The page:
Florida Physical Map

The Florida Physical Map presents a detailed topographical view of the Sunshine State, highlighting its varied landscapes from the flat plains of the Everglades to the rolling hills of the Panhandle. This map provides insights into the state's natural features, distinguishing coastal areas, wetlands, plateaus, and other geographical nuances. For students, researchers, and nature enthusiasts, the Florida Physical Map is an invaluable resource, offering a clear perspective on the state's diverse terrain and its intricate interplay with the ecosystems it supports.

Florida Physical Map

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About Florida Physical Map

Explore physical map of Florida state of United States showing geographical / physical features with rivers, landforms, mountains, plateau, peaks, lakes, etc.

Geography of Florida

Florida is a state located in the southeastern region of the United States. Known for its sunny beaches, vibrant cities, and diverse wildlife, Florida is a popular tourist destination and a hub for international trade and commerce. Let's take a closer look at the geography of Florida, including its physical features, climate, and natural resources.

Physical Features

Florida is a peninsula, meaning it is surrounded by water on three sides. The state is bordered to the east by the Atlantic Ocean, to the west by the Gulf of Mexico, and to the south by the Straits of Florida, which separate it from Cuba. The northern boundary of Florida is formed by the states of Alabama and Georgia.

The terrain of Florida is mostly flat and low-lying, with an average elevation of just 100 feet above sea level. This is due to the fact that much of the state is composed of limestone, which is porous and prone to erosion. As a result, Florida has many sinkholes and caves, as well as underground rivers and springs.

One of the most notable features of Florida's geography is the Everglades, a vast wetland that covers much of the southern portion of the state. The Everglades is home to a diverse array of plant and animal species, many of which are found nowhere else in the world. The wetland is also an important source of freshwater, serving as a recharge area for the Biscayne Aquifer, which provides drinking water for much of South Florida.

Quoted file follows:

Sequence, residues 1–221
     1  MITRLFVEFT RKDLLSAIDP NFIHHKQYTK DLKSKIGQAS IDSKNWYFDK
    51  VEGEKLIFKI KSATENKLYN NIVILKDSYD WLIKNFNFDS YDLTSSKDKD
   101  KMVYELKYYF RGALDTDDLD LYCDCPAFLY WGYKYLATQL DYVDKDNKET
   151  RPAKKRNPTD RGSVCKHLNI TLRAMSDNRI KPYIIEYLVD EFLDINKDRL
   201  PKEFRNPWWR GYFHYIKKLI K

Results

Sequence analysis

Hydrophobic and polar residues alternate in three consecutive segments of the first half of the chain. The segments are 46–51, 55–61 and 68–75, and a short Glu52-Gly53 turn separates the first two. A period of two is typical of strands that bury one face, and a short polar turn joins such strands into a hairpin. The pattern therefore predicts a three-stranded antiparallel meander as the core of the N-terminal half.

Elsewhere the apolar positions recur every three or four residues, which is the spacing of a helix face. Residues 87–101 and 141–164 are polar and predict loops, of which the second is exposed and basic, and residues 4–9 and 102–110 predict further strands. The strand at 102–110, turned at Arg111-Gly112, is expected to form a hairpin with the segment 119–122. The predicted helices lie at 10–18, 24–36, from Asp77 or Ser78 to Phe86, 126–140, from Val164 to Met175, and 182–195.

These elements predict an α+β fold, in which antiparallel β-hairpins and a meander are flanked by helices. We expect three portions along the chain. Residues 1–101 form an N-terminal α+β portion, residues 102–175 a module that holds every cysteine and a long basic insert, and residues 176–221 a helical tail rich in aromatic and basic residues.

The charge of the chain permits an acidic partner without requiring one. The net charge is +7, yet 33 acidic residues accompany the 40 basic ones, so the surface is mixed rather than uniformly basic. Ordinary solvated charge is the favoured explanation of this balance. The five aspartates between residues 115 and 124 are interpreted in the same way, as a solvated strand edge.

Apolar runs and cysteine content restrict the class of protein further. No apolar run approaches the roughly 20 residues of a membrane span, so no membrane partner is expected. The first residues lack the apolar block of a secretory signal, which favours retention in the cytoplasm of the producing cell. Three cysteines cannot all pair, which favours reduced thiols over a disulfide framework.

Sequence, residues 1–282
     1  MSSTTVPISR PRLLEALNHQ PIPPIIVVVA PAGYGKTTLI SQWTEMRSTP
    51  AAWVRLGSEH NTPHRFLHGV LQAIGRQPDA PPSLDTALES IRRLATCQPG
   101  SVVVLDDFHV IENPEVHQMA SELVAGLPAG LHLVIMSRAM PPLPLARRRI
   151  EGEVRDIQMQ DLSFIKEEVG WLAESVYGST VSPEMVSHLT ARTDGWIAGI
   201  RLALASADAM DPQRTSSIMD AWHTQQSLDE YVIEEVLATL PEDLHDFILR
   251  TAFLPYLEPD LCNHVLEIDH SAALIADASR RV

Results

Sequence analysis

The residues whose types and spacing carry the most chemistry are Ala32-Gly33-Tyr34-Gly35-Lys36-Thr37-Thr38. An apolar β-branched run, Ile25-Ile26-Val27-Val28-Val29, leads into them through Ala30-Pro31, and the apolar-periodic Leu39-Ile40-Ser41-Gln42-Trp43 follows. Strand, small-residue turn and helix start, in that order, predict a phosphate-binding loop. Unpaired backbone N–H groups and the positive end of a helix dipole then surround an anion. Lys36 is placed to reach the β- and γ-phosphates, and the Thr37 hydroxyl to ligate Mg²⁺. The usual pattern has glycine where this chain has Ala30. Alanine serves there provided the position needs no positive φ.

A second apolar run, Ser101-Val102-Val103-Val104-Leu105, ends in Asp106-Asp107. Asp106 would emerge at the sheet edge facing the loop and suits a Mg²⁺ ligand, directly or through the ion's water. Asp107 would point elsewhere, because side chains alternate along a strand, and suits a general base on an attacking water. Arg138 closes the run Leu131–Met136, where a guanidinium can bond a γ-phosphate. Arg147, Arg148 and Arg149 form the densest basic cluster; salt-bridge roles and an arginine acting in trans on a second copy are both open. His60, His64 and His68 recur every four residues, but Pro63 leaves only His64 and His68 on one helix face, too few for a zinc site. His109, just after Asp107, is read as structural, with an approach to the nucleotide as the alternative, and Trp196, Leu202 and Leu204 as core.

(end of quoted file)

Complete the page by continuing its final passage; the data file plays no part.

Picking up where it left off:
Another prominent feature of Florida's geography is the Florida Keys, a chain of islands that extends off the southern tip of the state. The Keys are connected to the mainland by a series of bridges, and are a popular destination for boating, fishing, and snorkeling.


Florida has a subtropical climate, characterized by hot and humid summers, and mild winters. The state receives abundant rainfall, with an average annual precipitation of 54 inches. This rainfall is essential for supporting Florida's many wetlands, which are important habitats for wildlife and help to regulate the state's water supply.

Because of its location in the southeastern United States, Florida is also vulnerable to hurricanes, which are powerful storms that can cause significant damage to coastal areas. Hurricane season in Florida runs from June through November, and residents of the state are encouraged to have emergency plans in place in case of a major storm.

Natural Resources

Florida has a wealth of natural resources, including minerals, timber, and fish. The state is one of the largest producers of phosphate rock, a key ingredient in fertilizer, and is also a major producer of limestone and sand. Timber is harvested from the state's many forests, which cover nearly half of the state's land area.

Florida's waters are home to a diverse array of fish and shellfish species, which are harvested for food and recreation. The state is also home to a thriving tourism industry, which is fueled by its many beaches, theme parks, and other attractions.

In addition to its natural resources, Florida is also home to a number of research institutions and universities, which are engaged in a wide range of scientific and technological research. This research is focused on a variety of areas, including environmental conservation, renewable energy, and space exploration.